Junk fees – those hidden and bogus charges that have found their way into a wide variety of transactions – are on consumers’ minds. After receiving more than 12,000 comments about how these fees impact consumers and businesses, the FTC announced on Oct. 11, a proposed rule on deceptive fees. It's now looking for further feedback.
On Friday, I had a busy day and missed the announcement that it was One Health Day. It’s a global campaign that brings attention to the need for a coordinated approach to address shared health threats at the human-animal-environment interface. I’d never heard of One Health Day before, but it addresses health concerns I’ve written about over the years:
It’s heartbreaking. I’ve seen young people sign up for for-profit colleges and they use their laptops to complete the courses. They expect great things from the programs they choose. However, the results are usually poor, despite what the advertising says. Most colleges will give you a valuable education that can help you achieve your career goals.
Paying off student loans is bad enough without being ripped off by a dishonest company. Some companies pretend to be affiliated with the Department of Education, charge illegal junk fees, and lure students with repayment programs and loan forgiveness that don’t exist. The FTC is banning two student loan debt relief companies for these illegal activities
Students can get into trouble when entering into agreements with colleges to spread the cost of tuition into several, interest-free loan payments. Many plans have conflicting disclosures and confusing repayment terms, which put students at risk of missing payments, getting late fees, and piling up debt, a report by the Consumer Financial Protection Bureau found.
If someone tells you that you need to pay to sign up for government student loan debt relief program, run away as fast as you can. Scammers want to hook you and fill their pockets with your money, while their “advice” may make your student loan problems worse. The FTC offers the following tips for how to spot scam companies:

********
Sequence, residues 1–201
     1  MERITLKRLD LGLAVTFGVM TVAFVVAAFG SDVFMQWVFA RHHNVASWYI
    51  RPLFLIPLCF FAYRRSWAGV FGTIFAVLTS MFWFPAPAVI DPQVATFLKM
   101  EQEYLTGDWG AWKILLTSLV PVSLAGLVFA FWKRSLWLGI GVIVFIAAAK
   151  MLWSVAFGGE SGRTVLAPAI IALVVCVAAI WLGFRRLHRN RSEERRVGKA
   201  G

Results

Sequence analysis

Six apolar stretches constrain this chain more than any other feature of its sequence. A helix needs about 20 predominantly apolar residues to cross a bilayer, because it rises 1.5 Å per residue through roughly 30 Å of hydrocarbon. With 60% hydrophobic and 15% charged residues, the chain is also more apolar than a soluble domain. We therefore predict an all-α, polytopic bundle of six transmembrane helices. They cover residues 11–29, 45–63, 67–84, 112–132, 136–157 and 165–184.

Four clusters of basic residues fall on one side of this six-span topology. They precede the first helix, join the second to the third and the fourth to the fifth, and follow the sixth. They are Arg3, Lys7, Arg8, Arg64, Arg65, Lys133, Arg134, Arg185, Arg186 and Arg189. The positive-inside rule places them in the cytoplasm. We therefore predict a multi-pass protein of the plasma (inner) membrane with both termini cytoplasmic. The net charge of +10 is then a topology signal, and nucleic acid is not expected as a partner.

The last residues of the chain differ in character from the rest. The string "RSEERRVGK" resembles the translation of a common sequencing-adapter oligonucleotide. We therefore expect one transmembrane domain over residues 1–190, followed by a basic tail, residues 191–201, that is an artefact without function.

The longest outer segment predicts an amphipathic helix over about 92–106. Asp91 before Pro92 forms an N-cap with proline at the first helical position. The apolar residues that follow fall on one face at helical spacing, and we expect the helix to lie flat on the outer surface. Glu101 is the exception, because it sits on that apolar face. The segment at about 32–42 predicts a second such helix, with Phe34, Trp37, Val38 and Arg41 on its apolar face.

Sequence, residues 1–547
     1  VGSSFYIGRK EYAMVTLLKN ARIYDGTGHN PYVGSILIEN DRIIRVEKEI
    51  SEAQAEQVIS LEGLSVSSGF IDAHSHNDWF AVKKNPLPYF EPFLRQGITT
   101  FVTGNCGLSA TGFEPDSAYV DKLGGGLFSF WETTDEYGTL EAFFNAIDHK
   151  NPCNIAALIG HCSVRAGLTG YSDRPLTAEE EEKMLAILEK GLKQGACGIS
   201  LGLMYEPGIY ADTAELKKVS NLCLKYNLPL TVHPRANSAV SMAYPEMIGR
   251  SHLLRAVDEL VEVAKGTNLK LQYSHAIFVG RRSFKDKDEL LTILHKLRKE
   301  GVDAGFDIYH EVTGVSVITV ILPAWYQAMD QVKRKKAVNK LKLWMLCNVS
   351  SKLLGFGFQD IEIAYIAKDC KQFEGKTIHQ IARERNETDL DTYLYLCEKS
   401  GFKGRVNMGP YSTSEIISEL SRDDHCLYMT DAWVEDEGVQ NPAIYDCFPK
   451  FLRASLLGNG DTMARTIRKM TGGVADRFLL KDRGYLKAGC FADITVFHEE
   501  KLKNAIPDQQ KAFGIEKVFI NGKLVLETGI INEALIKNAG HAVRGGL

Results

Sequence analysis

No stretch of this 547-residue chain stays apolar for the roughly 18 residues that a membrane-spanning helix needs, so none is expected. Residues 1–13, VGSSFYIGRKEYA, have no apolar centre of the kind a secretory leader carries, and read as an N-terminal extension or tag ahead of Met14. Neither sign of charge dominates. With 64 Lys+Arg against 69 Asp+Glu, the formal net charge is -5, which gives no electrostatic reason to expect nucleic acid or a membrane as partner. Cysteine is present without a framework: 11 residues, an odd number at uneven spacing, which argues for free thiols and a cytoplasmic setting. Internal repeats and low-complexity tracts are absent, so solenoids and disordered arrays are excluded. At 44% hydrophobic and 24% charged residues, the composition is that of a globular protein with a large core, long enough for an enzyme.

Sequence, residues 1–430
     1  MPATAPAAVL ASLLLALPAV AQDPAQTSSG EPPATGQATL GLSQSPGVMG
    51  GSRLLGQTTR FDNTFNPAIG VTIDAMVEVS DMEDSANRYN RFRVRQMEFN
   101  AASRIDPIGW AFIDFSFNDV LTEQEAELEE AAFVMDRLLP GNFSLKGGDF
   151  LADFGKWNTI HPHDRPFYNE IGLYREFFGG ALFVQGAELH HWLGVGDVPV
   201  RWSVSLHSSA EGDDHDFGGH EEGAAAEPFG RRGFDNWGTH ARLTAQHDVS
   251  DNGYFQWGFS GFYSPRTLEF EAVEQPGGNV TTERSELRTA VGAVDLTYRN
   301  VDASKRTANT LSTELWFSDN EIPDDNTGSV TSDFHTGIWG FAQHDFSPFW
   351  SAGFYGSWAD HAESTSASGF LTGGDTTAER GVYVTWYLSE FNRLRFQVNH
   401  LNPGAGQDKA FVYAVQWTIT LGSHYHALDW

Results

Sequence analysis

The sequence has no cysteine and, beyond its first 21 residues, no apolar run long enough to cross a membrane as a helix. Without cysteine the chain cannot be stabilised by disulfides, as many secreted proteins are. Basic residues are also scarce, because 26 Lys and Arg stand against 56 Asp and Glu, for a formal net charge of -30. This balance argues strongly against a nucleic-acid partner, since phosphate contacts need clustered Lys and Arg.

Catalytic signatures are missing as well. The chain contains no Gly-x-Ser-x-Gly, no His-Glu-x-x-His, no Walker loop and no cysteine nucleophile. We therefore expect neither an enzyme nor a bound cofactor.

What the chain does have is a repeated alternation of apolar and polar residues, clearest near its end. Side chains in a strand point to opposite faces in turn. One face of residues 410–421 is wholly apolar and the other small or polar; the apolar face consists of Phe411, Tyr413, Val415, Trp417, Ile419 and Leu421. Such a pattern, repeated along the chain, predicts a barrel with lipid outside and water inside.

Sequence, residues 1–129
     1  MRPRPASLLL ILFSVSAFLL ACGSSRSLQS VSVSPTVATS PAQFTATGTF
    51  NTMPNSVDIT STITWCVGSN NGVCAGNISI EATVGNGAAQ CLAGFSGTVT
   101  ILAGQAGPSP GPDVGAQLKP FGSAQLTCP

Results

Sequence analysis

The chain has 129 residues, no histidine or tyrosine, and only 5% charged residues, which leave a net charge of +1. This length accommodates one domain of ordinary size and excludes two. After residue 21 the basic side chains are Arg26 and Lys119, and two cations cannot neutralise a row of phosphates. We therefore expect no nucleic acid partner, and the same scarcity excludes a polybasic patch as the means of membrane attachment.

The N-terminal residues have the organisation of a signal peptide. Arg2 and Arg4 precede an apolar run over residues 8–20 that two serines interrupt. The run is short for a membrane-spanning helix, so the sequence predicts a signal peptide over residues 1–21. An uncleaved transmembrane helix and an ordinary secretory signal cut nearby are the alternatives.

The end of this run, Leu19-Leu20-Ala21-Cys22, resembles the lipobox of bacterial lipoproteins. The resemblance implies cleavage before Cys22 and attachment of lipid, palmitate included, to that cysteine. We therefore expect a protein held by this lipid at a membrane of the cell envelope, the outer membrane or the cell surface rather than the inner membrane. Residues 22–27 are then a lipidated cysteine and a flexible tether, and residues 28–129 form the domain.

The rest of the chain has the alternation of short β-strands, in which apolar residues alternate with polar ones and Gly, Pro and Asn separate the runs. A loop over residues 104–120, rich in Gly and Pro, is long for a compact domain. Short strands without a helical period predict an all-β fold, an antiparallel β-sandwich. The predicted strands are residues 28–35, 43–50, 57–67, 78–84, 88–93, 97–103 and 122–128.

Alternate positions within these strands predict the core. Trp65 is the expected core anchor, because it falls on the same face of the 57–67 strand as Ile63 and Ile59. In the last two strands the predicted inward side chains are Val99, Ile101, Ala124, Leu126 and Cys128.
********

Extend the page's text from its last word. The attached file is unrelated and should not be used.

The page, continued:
Biden administration cancels $39 billion in student loans for more than 800,000 borrowers that had errors in their payment records
More than 804,000 borrowers will have $39 billion in federal student loans discharged in the coming weeks, the U.S. Department of Education announced Friday. The discharges are fixes to ensure borrowers have an accurate count of monthly payments that qualify toward forgiveness under income-driven repayment plans.
Graduations are coming up and many parents and students are thinking about student debt, which totals $1.63 trillion in the United States. That's about $37,600 per borrower. In the short term, students are not overly optimistic about their financial situation, as 88 percent are concerned about the economy and 80 percent are worried about inflation,
Paying off student loans is a big job, especially since it usually takes most people years to achieve it. Consumers need to beware of debt relief companies that promise quick loan forgiveness. Scammers claim they’ll help you, for a fee, but their schemes often leave you deeper in debt. The FTC has stopped two student loan debt relief schemes.
Today’s my birthday. Yes, I do get a lot of “May the Fourth be with you” comments. I just shrug it off that my birthday, to some, is an unofficial Star Wars holiday. Since I’m an older adult, I’m thinking a lot today about friends and relatives that I’ve celebrated birthdays with in the past who are gone. My favorite birthdays?